Much has been written about non-competition restrictions, including both their pros and cons, and the laws surrounding their enforcement have evolved rapidly. There are, however, a few things basic principles that employers and their advisors should keep in mind when considering this restriction.

It helps to remind ourselves that the restriction isn’t a restriction against competition in general. It is designed however to protect the competitive edge that a company has legitimately created by virtue of a combination of ideas in different spheres of its business, which are unique and known only by those associated with that business. The competitive advantage isn’t necessarily always a high tech invention or a new product, but it could be a new and more effective approach to their market. Companies have spent time, money and human resources in order to research and uncover these unique ideas and/or processes, but suffice to say it is something that is known only by the employees within that company.

For years, the laws of our country have recognized and encouraged this intellectual pursuit and the outcome to create something novel and important for society. It is the very basis of advancements in many different arenas, and with that challenge comes many sacrifices, both financial and personal.

But lately an assault has been waged by legislatures, courts and various organizations against this restriction. I believe that this has mainly occurred because of overreaching and abusive provisions employed, as well as the imbalance in leverage that generally favors the employer.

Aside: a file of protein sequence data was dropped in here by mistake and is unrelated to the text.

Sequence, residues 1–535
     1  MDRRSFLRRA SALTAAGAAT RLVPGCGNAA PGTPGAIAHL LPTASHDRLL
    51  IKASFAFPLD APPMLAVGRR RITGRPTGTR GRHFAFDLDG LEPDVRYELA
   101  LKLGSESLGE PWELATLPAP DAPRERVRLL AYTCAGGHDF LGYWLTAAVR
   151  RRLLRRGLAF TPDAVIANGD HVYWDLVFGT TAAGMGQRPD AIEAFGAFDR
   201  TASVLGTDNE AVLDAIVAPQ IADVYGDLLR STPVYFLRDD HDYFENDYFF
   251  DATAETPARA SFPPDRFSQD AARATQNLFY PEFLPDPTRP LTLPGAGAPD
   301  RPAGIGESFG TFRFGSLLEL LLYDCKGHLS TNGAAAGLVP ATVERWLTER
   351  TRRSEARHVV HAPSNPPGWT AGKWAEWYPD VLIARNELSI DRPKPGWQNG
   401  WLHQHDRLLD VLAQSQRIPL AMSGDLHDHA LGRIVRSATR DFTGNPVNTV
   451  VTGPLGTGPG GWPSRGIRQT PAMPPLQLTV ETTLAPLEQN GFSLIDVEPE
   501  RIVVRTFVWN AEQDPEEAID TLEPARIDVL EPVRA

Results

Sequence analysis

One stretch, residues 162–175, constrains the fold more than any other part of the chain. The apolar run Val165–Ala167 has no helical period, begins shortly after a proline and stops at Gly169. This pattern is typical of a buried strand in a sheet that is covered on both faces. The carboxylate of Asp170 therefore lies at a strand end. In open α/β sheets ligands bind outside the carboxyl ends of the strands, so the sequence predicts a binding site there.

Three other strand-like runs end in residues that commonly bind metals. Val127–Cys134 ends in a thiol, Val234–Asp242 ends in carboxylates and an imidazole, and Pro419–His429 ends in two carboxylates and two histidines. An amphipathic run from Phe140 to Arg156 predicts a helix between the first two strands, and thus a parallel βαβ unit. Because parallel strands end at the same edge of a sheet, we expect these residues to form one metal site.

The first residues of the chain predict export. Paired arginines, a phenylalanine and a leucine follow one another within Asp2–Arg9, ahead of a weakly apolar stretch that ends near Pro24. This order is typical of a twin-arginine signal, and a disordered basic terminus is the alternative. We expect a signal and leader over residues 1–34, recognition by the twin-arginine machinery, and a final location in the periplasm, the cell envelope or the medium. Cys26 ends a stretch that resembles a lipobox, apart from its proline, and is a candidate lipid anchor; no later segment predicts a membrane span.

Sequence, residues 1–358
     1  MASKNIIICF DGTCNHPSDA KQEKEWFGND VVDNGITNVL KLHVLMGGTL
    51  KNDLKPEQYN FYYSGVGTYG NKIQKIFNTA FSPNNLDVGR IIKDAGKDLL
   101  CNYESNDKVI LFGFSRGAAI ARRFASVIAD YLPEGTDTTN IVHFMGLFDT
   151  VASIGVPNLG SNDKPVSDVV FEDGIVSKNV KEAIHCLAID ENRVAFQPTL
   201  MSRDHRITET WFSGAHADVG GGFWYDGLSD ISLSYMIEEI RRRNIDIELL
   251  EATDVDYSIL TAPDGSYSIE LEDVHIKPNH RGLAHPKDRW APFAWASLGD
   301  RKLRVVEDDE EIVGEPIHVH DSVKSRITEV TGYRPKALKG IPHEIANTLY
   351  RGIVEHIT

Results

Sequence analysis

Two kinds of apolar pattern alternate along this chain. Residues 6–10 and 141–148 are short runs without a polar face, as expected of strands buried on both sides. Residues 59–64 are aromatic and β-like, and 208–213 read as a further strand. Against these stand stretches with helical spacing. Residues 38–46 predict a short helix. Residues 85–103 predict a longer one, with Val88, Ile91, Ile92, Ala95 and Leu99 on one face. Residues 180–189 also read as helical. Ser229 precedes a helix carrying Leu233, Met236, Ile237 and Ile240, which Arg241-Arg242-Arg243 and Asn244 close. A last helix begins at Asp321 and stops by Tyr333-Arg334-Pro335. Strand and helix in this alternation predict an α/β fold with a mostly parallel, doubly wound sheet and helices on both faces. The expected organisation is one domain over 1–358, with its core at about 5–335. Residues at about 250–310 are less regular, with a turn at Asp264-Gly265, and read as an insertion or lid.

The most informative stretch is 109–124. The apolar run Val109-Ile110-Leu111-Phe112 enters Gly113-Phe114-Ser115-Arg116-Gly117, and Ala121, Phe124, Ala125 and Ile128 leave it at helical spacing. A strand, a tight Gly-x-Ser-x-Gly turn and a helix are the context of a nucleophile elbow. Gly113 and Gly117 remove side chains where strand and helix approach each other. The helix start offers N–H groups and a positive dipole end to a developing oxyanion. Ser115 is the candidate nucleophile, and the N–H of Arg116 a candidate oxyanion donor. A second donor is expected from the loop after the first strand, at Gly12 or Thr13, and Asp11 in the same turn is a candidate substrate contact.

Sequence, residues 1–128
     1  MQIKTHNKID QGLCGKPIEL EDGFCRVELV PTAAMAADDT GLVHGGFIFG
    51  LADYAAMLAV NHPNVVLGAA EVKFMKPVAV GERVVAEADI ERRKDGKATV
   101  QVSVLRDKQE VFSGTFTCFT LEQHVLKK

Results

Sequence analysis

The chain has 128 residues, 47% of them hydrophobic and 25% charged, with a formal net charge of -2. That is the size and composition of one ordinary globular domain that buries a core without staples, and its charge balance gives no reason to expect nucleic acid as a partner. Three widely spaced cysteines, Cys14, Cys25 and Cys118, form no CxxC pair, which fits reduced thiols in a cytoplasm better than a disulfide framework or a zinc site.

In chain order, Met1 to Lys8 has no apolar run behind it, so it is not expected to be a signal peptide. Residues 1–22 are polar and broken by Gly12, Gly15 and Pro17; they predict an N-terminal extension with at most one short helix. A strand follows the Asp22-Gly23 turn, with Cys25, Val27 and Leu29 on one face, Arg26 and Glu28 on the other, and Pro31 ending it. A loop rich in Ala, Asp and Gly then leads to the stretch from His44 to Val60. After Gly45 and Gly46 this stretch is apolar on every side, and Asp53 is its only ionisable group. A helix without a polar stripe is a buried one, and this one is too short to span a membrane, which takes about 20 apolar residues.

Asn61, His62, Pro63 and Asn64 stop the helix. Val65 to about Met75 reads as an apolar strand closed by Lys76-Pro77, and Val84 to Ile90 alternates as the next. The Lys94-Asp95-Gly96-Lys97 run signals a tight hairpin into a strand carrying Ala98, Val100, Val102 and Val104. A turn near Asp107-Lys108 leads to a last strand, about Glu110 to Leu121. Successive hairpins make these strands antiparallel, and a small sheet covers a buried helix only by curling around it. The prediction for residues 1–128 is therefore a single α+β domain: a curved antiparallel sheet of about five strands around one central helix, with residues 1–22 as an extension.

The purpose of this article is to apprise companies, their advisors and employees of the precepts to a balanced restriction and, hence to successful enforcement of non-competition agreements. This is by no means a guarantee because every case will ultimately turn on its facts; but it does provide some general guidelines to keep in mind when crafting such a restriction.

First, the company must have achieved a competitive edge in the market place that is cognizable, and hence, deserves protection.

Second, the employees covered by this restriction must be in a position within the company that would enable them to know and understand the value of the idea or ideas, usually in the inner circle of the company’s management team. In connection with these employees, the employer must give them something of value in exchange for their willingness to restrict their activities. This can initially be in the form of offering them a position within the company; or if already employed, some form of bonus or benefit plan that allows them to reap some of the benefits of the competitive edge being realized.

Third, the duration and the geography covered must be reasonable, and in many courts’ eyes, cannot prevent the employee from engaging in his or her livelihood upon termination of employment. At times, a severance arrangement that runs the term of the restrictive period will be an ameliorating circumstance in fairly balancing the employees need to work with the company’s need to protect its competitive edge.

Finally, the restriction must be limited to the market already created by the company or a market that they will be imminently entering as a result of this new idea. Hence it must not unrealistically attempt to cover all markets that it could potentially exploit.

This is by no means a comprehensive list of the items to be considered but gives the company and its advisors the basics to consider when developing non-competition clauses or agreements.